Laura Wright

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Glorious Review

by Jon O'Brien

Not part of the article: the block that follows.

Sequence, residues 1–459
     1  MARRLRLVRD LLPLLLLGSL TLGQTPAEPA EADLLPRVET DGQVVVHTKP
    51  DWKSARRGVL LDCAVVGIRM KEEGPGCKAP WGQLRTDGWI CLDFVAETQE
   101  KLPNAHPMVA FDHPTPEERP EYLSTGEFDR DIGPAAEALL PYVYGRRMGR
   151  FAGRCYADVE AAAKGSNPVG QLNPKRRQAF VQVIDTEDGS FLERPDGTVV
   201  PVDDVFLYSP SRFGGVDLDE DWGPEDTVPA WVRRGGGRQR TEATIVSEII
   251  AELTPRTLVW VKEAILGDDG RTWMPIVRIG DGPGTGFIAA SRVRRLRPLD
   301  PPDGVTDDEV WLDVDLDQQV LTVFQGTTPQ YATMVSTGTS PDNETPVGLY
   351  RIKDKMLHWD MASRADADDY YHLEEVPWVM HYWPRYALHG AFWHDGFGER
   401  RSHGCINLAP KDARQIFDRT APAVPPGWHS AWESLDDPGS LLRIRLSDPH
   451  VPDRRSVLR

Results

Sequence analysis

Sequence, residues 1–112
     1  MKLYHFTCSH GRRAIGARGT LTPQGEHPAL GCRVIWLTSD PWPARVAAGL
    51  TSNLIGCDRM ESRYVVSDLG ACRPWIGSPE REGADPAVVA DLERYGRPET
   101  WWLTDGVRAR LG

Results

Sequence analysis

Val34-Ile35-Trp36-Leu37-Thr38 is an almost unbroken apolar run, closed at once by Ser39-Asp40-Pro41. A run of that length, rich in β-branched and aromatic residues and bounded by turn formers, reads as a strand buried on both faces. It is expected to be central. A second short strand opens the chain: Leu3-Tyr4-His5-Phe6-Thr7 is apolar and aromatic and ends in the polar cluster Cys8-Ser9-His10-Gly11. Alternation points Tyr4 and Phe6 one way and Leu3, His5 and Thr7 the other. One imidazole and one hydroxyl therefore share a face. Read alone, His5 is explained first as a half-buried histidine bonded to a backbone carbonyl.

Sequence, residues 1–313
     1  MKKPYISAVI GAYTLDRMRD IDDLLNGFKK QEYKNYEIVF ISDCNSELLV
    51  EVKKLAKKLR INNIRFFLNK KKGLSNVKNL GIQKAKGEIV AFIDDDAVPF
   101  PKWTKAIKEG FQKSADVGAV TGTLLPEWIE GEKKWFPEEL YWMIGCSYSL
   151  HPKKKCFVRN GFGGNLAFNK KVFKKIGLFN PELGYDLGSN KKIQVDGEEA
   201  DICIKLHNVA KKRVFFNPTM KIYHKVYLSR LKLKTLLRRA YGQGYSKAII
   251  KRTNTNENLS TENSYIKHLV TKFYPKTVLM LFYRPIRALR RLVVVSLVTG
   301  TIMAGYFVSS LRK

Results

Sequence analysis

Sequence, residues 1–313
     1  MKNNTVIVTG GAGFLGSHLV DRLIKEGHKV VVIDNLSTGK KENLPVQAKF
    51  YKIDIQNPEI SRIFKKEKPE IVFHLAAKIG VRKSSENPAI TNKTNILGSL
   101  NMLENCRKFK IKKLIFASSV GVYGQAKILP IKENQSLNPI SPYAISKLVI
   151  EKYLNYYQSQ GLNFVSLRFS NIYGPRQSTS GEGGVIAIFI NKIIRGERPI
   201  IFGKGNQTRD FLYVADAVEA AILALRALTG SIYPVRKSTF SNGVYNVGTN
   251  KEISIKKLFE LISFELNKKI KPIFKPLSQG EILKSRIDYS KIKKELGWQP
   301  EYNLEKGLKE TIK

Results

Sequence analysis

One of many classical crossover releases designed to capitalize on the patriotic spirit that's swept the U.K. in 2012, Suffolk soprano Laura Wright's second solo album, Glorious, has a stronger pedigree than most thanks to the inclusion of the official anthem of the Queen's Diamond Jubilee celebrations. With its African drums, cinematic strings, and tribal chants, "Stronger as One," the album's only original composition, feels more like a number from The Lion King than a dedication to Britain's second longest-reigning monarch, but other than the delicate fingerpicking acoustic rendition of Bette Midler's "The Rose," the rest of the follow-up to 2011's folk-themed The Last Rose is far more traditional. Alongside rousing choral numbers such as Hubert Parry's "Jerusalem" and Elgar's "Land of Hope and Glory," there are much-loved Celtic ballads "Danny Boy" and the Robert Burns-penned "A Red, Red Rose," a gorgeously elegant interpretation of Vera Lynn's World War II standard "The White Cliffs of Dover," and perhaps unsurprisingly given the current wave of Olympic fever, a suitably anthemic adaptation of Vangelis' classic "Chariots of Fire." An exquisite a cappella reworking of Elgar's "Nimrod," a piece she previously performed on All Angels' second album, Into Paradise, shows just how much her voice has developed since her classical girl band days. And although she's sometimes drowned out by the City of Prague Philharmonic's occasionally bombastic arrangements, particularly on Princess Diana favorite "I Vow to Thee, My Country," Glorious, on the whole, more than justifies its title.

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